Ramat Gan's business district..
(photo credit: REUTERS)
Israeli high-tech companies raised a record $4.8 billion in 2016, up 11% from $4.3 billion in 2015, the latest IVC - ZAG (Zysman Aharoni, Gayer & Co. law firm) survey has found. The average financing round, which has been constantly growing over the past five years, reached $7.2 million in 2016, 19% above the $5.1 million five-year average.
However, the fourth quarter of 2016 saw $1.02 billion raised in 151 transactions, down 8% from $1.11 billion in 202 deals in the corresponding quarter of 2015, but up 9% from $933 million raised in 140 deals in the preceding quarter. The average financing round stood at $6.7 million in the fourth quarter of 2016, similar to the past two-year quarterly average of $6.6 million.
IVC Research Center CEO Koby Simana said, "As expected, 2016 ended as a record year in Israeli high-tech capital raising. However, despite the higher total amount, it was characterized by a smaller number of financing rounds, along with a higher average capital raising per round. When we looked into the numbers to try and explain the trend, we found what I would call a ‘B Crunch’ - a 30% drop in the number of second rounds closed in 2016 compared to 2015, while the number of earlier rounds slightly increased. This is a troubling trend for the Israeli VC funnel, since the majority of capital goes into later rounds - if there are no companies lined up for later investments, there could be a more serious issue later on."
The IVC-ZAG Survey reveals that, while capital-raising reached new heights in 2016, the number of financing rounds were fewer than expected, with 659 deals closed in 2016, marginally above the five-year average of 657 deals, and 7% below 2015’s record 706 deals. While the number of early rounds (seed and A rounds) increased slightly (5%), the number of B rounds dropped 30% and the number of later rounds - C or higher - was responsible for more than 60% of the capital, down 11% from 2015. B rounds' share of capital raising also decreased, falling from 25% in 2015 ($1.07 billion) to 16% in 2016 ($743 million), while early rounds and later rounds generated more capital and took up larger shares than the year before.
The IVC-ZAG Survey also reveals an upsurge in large deals (above $20 million) in 2016, both in terms of deal number and capital raised - with 76 deals and $2.68 billion, respectively - a 22% increase from the $2.19 billion raised in 68 deals in 2015.
Adv. Oded Har-Even, ZAG-S&W (Zysman Aharoni Gayer & Co. ) partner responsible for its US office, offers a possible explanation, "The increase in capital raising in mid- to late stages could imply a growing use of mezzanine funding in mature companies, gearing towards a possible M&A or IPO (preferably on NASDAQ). If this is indeed the case, then it's a very welcome trend, revealing a mature market considered to be on the ‘quick exit route’ following early stage investments."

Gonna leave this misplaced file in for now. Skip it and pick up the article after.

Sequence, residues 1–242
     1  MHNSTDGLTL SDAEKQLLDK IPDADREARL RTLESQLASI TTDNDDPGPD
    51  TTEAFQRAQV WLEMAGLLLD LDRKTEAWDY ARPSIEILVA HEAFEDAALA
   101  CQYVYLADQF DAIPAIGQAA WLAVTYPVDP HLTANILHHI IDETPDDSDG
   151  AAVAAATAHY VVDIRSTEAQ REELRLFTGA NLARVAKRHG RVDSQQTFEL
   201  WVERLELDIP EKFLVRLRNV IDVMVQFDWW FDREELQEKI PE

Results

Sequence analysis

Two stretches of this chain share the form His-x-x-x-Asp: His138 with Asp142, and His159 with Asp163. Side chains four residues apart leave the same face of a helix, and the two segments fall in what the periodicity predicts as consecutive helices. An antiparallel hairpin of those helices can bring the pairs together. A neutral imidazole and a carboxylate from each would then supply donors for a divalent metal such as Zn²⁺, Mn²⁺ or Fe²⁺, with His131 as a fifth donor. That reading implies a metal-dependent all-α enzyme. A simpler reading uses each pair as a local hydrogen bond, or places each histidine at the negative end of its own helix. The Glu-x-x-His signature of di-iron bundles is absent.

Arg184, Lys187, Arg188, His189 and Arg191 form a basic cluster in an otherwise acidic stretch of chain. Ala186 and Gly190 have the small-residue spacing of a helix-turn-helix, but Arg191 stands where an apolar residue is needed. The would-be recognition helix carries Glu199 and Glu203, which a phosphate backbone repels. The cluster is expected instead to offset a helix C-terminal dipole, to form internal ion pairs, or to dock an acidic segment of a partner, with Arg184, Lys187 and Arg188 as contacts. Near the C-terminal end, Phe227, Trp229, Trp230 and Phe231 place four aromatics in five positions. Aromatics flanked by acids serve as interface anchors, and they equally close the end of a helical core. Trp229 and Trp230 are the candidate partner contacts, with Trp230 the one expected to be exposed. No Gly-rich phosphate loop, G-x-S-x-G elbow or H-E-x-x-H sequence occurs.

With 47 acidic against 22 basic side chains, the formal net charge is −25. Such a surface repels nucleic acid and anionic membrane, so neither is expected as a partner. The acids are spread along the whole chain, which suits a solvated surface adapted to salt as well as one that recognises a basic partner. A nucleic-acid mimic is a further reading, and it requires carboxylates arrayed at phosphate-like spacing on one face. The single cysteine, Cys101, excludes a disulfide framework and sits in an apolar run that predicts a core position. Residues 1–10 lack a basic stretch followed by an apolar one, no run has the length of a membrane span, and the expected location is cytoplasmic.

Adv, Shmulik Zysman, founding partner of ZAG-S&W (Zysman, Aharoni, Gayer & Co.) agrees, adding: "We expect the uptrend in capital raising activity to continue in 2017, though possibly at slower rates."
Fifteen deals above $20 million reached a total of $573 million, or 56%, of all capital raised in the fourth quarter of 2016. This compares with $430 million (38%), raised in 14 deals in the corresponding quarter of 2015, and $517 million (55%) raised in 18 transactions in the preceding quarter of 2016.Israeli VC fund investment activity
Israeli venture capital funds invested a total of $634 million in Israeli high-tech companies in 2016, slightly up from $627 million invested in 2015. In the past five years, Israeli venture capital fund investments steadily increased, from $482 million in 2012 to the current level. At the same time, their share of total capital invested has been decreasing gradually, from 26% in 2012 down to 13% in 2016, the lowest yet.
In the fourth quarter of 2016, $111 million was invested by Israeli venture capital funds in local high-tech companies, 44% below the $198 million invested in the corresponding quarter of 2015 and 20% below the $139 million invested in the preceding quarter of 2016. Israeli venture capital funds' share was down to 11% in the fourth quarter of 2016, from 18% and 15% in the corresponding quarter of 2015 and the preceding quarter of 2016, respectively.
Capital raised by sector
Software companies led capital-raising in 2016 with $1.7 billion, up from 2015 when the sector attracted $1.4 billion (32%), also placing first. Internet capital raising has noticeably decreased in 2016, when the sector attracted only $744 million or a mere 16% of total capital, compared with $1.12 billion raised in 2015, when Internet placed second with a 26% share.
Zysman observed that there was a 14% fall in life science capital raising in 2016. "Despite the decrease in life science capital raising in 2016, we remain optimistic with regards to the industry’s potential in Israel, due to three major reasons: the continuous interest shown by Chinese investors, good chances for the return of European and US investors to Israeli life science investments, and Donald Trump's imminent presidency. According to his campaign, Trump is expected to ease price control on drugs and medical services, bringing an optimistic note to the industry, which may increase the appetite for investments, Israel included."